Question:Madam, I know you will not be confirming the bilateral meeting but Bangladesh Foreign Minister has announced yesterday that on 28th September there will be a bilateral
meeting on the sidelines of the UNGA. I am not asking about the details of what the Prime Minister would say. But I have another question. Prime Minister probably will inaugurate a 400 kv power transmission line by which India would be supplying power to Bangladesh.
It would be a big event for both the countries and Prime Minister would be inaugurating it perhaps. Have we invited anybody from Bangladesh or would Prime Minister be talking to Bangladesh PM on this issue?
Foreign Secretary: First let me agree with you, it is a very big event. We see this as a milestone in our cooperation with Bangladesh and there are certain discussions on as to how to
commemorate this. I do not want to go into details right now. They are still being worked out.
Yes, we hope that there will be a meeting between the Prime Minister and Bangladeshi Prime Minister in New York.
Question:Madam, you met the Afghan Deputy Foreign Minister earlier this week in Delhi and we were told cryptically that events related to Afghanistan would be discussed on the margins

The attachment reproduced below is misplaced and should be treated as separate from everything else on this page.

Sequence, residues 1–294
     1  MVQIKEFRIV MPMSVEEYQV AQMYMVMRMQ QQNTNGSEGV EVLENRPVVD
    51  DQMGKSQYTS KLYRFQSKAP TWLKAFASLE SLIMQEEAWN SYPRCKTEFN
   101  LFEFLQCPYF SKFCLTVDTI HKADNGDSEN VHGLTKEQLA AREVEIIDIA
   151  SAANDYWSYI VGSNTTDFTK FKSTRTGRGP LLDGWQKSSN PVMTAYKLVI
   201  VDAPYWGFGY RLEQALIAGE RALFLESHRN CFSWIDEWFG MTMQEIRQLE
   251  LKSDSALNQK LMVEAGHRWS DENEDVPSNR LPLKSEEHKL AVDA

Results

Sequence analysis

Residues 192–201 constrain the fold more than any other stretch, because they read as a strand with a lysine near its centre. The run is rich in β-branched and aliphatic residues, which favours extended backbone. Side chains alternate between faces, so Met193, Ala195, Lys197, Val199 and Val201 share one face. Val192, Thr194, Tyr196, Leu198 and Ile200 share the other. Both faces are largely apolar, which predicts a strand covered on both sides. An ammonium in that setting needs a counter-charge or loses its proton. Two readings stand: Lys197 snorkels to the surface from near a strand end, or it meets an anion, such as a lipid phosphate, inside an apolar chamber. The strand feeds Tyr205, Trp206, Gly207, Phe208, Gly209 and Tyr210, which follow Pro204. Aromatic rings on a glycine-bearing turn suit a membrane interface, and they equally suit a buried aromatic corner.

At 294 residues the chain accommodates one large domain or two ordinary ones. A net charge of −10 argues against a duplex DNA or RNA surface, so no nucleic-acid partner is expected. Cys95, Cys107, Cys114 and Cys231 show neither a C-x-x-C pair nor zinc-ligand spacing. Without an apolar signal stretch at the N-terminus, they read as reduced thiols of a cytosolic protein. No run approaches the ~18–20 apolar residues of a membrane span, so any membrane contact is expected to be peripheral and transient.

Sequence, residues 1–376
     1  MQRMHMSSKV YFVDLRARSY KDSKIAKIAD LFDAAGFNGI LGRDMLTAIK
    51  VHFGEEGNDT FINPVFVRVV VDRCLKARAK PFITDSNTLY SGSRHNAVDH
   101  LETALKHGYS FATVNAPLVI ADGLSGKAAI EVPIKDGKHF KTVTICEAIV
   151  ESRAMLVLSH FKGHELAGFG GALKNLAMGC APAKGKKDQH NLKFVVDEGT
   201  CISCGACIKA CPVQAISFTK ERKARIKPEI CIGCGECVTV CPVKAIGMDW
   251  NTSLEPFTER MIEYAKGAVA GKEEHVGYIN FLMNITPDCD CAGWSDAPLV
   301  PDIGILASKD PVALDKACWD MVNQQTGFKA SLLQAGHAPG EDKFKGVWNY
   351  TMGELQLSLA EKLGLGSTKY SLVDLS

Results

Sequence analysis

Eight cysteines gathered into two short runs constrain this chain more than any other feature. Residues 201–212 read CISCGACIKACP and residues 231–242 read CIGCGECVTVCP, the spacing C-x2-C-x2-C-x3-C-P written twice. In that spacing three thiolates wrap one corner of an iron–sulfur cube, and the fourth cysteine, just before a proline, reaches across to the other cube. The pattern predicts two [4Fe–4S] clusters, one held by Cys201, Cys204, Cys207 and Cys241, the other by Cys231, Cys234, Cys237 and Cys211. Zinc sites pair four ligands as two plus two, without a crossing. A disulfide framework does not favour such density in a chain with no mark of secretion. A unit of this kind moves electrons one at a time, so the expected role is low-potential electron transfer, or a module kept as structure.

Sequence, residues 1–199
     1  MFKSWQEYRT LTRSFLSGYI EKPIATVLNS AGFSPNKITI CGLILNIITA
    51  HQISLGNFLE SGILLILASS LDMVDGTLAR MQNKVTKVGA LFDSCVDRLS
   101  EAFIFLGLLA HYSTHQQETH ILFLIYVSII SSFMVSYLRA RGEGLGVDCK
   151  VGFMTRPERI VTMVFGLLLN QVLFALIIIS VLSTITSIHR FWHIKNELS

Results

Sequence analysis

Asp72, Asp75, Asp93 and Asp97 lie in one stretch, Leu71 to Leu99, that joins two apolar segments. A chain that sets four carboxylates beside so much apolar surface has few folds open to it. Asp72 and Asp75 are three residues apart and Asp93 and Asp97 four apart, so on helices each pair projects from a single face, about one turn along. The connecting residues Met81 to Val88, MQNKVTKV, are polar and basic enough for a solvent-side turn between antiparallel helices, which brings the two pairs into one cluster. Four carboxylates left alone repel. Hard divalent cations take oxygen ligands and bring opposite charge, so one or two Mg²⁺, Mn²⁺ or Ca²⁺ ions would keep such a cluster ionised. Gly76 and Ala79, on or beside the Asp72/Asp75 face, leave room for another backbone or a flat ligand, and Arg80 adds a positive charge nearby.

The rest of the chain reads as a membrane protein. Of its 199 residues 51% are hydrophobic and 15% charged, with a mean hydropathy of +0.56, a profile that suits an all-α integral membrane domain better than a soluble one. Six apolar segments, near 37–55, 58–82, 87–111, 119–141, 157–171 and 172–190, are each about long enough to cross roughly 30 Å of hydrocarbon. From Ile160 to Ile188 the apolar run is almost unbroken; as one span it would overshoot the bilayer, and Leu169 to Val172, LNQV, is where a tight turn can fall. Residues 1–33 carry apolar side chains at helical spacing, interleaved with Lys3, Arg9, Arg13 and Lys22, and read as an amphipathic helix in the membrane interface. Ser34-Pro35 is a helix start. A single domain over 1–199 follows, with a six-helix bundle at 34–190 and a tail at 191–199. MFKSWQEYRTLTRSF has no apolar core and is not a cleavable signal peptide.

of the UNGA. Could you elaborate on what these events concerning Afghanistan would be?
Foreign Secretary: You know that the relationship between India and Afghanistan is a very close one. Our ties go back centuries. We have close historical, civilisational ties. India is
one of the closest friends that Afghanistan has. These meetings are part of an ongoing process where we touch base from time to time to discuss progress on the various projects that we have going between us, and to exchange views on what further needs to be
done. So, that has to be seen in that context.
Question:Madam, since you have already said, and Dipu Moni yesterday said, that there will be a bilateral between the Prime Ministers of India and Bangladesh, could you elaborate on what